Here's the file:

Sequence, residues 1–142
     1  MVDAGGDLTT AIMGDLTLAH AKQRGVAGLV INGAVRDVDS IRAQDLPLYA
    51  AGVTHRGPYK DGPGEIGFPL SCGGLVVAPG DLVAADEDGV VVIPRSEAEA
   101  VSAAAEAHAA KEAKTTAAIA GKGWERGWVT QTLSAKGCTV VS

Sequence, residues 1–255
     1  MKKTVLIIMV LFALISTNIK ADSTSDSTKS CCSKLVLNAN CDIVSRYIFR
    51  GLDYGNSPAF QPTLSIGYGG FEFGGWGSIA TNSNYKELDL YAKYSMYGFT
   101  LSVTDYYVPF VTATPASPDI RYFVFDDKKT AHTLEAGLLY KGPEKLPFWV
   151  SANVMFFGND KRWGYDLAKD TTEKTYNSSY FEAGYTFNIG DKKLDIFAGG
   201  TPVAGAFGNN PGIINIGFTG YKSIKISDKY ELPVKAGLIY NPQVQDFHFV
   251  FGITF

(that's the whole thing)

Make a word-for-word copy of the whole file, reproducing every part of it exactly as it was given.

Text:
Sequence, residues 1–142
     1  MVDAGGDLTT AIMGDLTLAH AKQRGVAGLV INGAVRDVDS IRAQDLPLYA
    51  AGVTHRGPYK DGPGEIGFPL SCGGLVVAPG DLVAADEDGV VVIPRSEAEA
   101  VSAAAEAHAA KEAKTTAAIA GKGWERGWVT QTLSAKGCTV VS

Sequence, residues 1–255
     1  MKKTVLIIMV LFALISTNIK ADSTSDSTKS CCSKLVLNAN CDIVSRYIFR
    51  GLDYGNSPAF QPTLSIGYGG FEFGGWGSIA TNSNYKELDL YAKYSMYGFT
   101  LSVTDYYVPF VTATPASPDI RYFVFDDKKT AHTLEAGLLY KGPEKLPFWV
   151  SANVMFFGND KRWGYDLAKD TTEKTYNSSY FEAGYTFNIG DKKLDIFAGG
   201  TPVAGAFGNN PGIINIGFTG YKSIKISDKY ELPVKAGLIY NPQVQDFHFV
   251  FGITF